Between 2005 and 2015, the number of child refugees doubled.
It’s easy to dismiss what’s happening to others when you feel safe and warm in your own house at night, but the notion of everything being alright in the world is a deluded one. While we humans do need to focus on the positive for mental sanity, as well as to co-create a better world, present conundrums cannot be ignored. To do so is a detriment to the entire planet.
One issue that demands attention is the fact that one out of every 200 children in the world is now a refugee. UNICEF proclaimed the news earlier in September, relaying that out of the nearly 50 million children that have been uprooted from their homes, approximately 28 million are refugees fleeing from violence and conflict. Furthermore, “that is a conservative estimate”, according to the report.
The report, entitled “Uprooted: The Growing Crisis for Refugee and Migrant Children,” (pdf), is the first to deliver comprehensive, global data about the children who have had their lives uprooted due to war.
The report’s executive summary argues:
“Children do not bear any responsibility for the bombs and bullets, the gang violence, persecution, the shriveled crops and low family wages driving them from their homes. They are, however, always the first to be affected by war, conflict, climate change and poverty.”
Incredibly, an astounding 100,000 child refugees are traveling without their parents or families. It is observed that in 2005, only 1 in every 350 children was a refugee; now, 1 in every 200 children in the world is a child refugee.
Nearly one-third of children refugees were displaced internally by the ongoing conflicts in Syria, Yemen, and Iraq. Additionally, “child refugees fleeing endless war in two countries, Syria and Afghanistan, represented one-half of all child migrants worldwide.”
If you’re wondering why so many children remain refugees, UNICEF’s director, Anthony Lake, explains this in the introduction.
“Though many communities and people around the world have welcomed refugee and migrant children, xenophobia, discrimination, and exclusion pose serious threats to their lives and futures,” he writes. “Language barriers make it difficult for children and their families to seek the help they need. Legal barriers can prevent them from accessing education, health care and other services. These obstacles are magnified for the 70,000 children who are born stateless every year, often as a result of their parents’ migration.”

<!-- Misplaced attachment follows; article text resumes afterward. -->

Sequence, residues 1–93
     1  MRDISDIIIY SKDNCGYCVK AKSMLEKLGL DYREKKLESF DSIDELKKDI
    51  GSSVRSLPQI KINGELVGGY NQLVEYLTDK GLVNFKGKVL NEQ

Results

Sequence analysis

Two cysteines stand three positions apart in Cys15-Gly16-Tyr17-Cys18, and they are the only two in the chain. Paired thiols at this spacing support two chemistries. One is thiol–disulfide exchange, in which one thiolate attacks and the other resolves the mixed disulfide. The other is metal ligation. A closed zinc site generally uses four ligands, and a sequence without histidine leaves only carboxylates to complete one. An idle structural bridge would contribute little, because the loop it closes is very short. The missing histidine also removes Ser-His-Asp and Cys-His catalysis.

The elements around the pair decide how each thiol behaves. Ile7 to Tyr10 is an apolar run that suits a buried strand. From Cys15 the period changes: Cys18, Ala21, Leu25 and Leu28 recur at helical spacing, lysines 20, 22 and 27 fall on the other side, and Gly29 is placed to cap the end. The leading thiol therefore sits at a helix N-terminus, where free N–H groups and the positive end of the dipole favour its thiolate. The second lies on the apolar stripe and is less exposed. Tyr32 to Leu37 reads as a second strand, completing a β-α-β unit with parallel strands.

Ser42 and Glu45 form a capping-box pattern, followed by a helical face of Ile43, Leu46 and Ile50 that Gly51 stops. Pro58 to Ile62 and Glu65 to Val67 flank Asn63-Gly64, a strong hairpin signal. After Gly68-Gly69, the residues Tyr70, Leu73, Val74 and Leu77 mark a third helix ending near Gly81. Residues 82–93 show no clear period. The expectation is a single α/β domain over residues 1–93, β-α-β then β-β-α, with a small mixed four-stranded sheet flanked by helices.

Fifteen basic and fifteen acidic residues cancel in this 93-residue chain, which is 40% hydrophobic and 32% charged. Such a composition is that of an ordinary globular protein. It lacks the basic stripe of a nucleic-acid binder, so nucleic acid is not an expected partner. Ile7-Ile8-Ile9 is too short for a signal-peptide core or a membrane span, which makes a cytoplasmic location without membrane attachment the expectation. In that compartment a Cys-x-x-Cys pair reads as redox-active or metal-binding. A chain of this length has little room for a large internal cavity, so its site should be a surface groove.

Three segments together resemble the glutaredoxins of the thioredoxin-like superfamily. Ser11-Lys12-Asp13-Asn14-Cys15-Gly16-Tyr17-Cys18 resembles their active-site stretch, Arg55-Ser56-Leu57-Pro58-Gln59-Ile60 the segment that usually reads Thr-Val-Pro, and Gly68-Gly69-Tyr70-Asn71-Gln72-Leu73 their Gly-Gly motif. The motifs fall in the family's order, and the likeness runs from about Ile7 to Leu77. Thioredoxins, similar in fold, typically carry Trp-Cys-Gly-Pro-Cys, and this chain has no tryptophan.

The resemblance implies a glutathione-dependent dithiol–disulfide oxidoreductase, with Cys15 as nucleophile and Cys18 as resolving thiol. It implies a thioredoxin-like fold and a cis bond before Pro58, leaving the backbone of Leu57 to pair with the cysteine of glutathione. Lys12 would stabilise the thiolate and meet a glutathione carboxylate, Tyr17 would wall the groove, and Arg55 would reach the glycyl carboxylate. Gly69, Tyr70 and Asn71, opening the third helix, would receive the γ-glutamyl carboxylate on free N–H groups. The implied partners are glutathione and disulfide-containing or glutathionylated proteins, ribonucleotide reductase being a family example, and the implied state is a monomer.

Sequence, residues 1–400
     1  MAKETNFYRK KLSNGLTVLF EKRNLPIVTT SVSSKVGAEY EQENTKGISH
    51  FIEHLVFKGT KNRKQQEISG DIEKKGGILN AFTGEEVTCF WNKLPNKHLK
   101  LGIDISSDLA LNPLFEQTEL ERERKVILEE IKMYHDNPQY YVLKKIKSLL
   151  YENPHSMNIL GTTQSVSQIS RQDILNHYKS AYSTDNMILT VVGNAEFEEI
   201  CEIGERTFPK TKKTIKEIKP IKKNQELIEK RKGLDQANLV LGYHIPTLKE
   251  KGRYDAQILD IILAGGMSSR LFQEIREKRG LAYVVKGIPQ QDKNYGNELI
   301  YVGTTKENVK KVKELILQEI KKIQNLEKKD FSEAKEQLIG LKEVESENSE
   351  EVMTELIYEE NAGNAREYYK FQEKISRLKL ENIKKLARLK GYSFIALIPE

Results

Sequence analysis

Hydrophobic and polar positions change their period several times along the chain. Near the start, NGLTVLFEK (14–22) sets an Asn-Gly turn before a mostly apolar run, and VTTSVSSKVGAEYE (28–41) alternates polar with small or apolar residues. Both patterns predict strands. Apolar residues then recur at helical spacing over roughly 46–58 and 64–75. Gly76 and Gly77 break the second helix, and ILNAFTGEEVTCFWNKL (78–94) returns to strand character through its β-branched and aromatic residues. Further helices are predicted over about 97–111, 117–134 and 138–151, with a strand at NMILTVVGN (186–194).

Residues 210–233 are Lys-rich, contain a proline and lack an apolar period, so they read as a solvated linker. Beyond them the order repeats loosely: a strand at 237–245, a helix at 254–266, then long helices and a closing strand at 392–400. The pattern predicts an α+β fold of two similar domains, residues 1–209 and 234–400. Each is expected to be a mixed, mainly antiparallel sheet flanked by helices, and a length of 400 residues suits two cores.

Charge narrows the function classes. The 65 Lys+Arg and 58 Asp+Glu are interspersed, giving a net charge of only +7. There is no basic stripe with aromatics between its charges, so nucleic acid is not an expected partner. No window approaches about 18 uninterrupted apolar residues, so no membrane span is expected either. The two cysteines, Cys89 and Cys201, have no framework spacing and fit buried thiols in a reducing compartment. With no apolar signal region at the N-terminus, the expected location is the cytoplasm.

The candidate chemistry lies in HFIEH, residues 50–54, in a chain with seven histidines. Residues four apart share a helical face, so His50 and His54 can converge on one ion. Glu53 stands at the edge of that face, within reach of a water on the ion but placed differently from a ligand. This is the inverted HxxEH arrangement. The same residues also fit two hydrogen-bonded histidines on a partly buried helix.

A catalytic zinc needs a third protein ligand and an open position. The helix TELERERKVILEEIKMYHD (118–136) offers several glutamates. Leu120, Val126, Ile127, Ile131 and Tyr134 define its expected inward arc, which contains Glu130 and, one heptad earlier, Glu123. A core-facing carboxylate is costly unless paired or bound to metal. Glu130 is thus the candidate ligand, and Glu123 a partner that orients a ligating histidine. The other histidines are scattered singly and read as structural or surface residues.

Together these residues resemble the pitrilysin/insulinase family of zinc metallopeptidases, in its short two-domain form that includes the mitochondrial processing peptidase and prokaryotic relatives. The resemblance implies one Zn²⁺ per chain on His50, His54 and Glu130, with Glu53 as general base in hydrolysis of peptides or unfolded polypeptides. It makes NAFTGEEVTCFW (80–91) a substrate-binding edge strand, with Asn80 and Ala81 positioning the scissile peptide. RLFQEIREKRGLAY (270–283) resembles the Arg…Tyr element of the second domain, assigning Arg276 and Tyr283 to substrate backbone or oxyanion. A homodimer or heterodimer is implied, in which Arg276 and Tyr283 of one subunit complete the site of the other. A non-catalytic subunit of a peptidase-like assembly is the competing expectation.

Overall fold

It’s not enough to just be aware of the situation, taking action is required. The report urges protections for child refugees, as well as calls on the international community to create safe and legal routes for all displaced.
As CommonDreams relays, European immigration policies and attitudes in the United States have grown disastrously hostile toward refugees and their plights. But if asylum isn’t offered to those who need help, “what can the future hold for these children – denied so much of what they need?” asks Lake. He writes, “The answer depends on what we do today.”
“When children and their families have safe, legal routes for migration, it can offer tremendous opportunities for both the children who migrate as well as the communities they join. When safe pathways are not available, migration and displacement continue, but with much greater risk. In these situations, it is children who face the most immediate dangers and most profound consequences,” concludes UNICEF.
To gain a broader perspective of how child refugees live, please review the photo series “Photographer Reveals The Heartbreaking Places Syrian Refugee Children Sleep“.
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